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Java insecurity!

 
Colin Cutbush
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Hi,

Is there a forum out there for those of us who are complete newbies and feel that there is just TOO much to learn - I have jsut started learning Java and feel like Sisyphus at the moment...

 
miguel lisboa
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i guess you'r at the right place
 
Ernest Friedman-Hill
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Hi Colin,

Welcome to JavaRanch!

Our Java beginner's forum should make you feel right at home. See you there!
 
Colin Cutbush
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Would it be a good idea to just try and readd all the posts daily and try and absorb background Java information that way? I am certainly not up to actually posting code replies yet

I am working my way through the Head First Java book - which led me to this site, I tried the Bruce Eckel: Thinking in Java book, but currently it is a bit beyond me, he seems to leap of the deep end a bit ( I dont have a C background so most of the syntax is new to me).

Apart from trying to write noddy code, are there any other useful techniques people could recommend to help pick up java quickly (I realise that this is highly subjective and depends a lot on the individuals IQ etc)

Kin regards,

Col
 
Mark Spritzler
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Colin, you have the best way, right in front of you, with Head First Java. Just keep reading try to do the exercises, and practice. Be patient, it may look like this huge mountain, but the only way to climb it is one step at a time. you will do fine. It takes a little while, but that is ok.

Mark
 
Colin Cutbush
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Thanks for the help guys. I think it just helps knowing that there are people out there who care - so to speak! I think it's because when you are learning on your won from books etc - even ones as well written as the Head First book, solitary learning can be a lonely thing.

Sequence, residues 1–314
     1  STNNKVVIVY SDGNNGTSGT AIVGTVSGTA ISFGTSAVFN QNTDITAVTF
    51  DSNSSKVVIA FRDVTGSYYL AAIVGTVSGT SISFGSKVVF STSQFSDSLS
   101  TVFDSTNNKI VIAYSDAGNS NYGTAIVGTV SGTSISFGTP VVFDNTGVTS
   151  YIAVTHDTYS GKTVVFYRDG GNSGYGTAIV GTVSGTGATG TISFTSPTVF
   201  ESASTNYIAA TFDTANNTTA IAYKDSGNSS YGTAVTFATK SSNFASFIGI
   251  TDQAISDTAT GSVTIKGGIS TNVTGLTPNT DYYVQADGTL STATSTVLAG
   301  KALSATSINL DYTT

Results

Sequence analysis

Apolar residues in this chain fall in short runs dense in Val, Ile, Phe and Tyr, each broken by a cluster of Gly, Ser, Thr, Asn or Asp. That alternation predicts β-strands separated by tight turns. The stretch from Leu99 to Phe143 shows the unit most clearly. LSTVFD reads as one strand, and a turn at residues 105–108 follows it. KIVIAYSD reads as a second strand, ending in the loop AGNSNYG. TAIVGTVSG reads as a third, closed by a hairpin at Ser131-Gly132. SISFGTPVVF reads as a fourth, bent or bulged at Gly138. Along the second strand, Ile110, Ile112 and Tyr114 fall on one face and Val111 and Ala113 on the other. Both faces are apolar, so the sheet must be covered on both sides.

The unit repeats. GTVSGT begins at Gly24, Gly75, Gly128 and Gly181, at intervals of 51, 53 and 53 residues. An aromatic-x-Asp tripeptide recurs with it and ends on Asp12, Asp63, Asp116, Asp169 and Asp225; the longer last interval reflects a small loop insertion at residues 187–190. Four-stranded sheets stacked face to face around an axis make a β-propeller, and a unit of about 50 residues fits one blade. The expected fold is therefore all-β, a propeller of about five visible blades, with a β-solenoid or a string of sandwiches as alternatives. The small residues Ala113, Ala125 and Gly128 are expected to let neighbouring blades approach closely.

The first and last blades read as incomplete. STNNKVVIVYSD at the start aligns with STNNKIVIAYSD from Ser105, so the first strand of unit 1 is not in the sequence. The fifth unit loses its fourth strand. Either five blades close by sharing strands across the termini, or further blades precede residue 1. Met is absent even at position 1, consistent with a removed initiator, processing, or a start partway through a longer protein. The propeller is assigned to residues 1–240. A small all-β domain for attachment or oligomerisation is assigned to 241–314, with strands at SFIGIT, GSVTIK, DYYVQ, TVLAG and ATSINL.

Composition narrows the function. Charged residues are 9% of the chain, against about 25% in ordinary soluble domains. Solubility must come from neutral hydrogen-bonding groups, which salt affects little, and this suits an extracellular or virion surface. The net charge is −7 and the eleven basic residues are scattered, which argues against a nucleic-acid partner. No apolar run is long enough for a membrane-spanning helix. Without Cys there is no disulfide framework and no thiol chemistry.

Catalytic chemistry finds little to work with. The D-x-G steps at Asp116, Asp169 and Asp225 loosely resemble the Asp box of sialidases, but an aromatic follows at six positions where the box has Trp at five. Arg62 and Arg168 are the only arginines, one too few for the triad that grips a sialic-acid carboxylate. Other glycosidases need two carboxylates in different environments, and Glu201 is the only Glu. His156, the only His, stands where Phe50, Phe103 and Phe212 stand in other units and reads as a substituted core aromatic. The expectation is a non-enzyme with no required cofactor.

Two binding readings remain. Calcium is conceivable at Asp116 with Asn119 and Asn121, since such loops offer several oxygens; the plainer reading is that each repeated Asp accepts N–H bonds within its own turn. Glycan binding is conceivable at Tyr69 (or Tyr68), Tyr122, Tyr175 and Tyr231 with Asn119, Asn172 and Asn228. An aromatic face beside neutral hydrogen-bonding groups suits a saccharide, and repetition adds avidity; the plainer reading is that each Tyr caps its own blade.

Thank goodness for forums like JavaRanch!

I am off to dip into the warm waters of the beginners forum

Col
 
Gerald Davis
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I was ganna take you to JavaRanch but you'r already there. I do recommend the book al little java, a few patterns http://mitpress.mit.edu/catalog/item/default.asp?tid=3609&ttype=2

It teaches in a simplistic non dogmatic way, the words don�t get in the way. I teaches in a Lisp style functional way.
I would also recommend learning Jython because it give you the ability to dynamically interact with java libraries DOS style.
Example
>> print Math.Sqr(7)

2.645


If I was using java I would test all my classes and functions this way
 
miguel lisboa
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Colin, you have the best way, right in front of you, with Head First Java. Just keep reading try to do the exercises, and practice. Be patient, it may look like this huge mountain, but the only way to climb it is one step at a time. you will do fine. It takes a little while, but that is ok.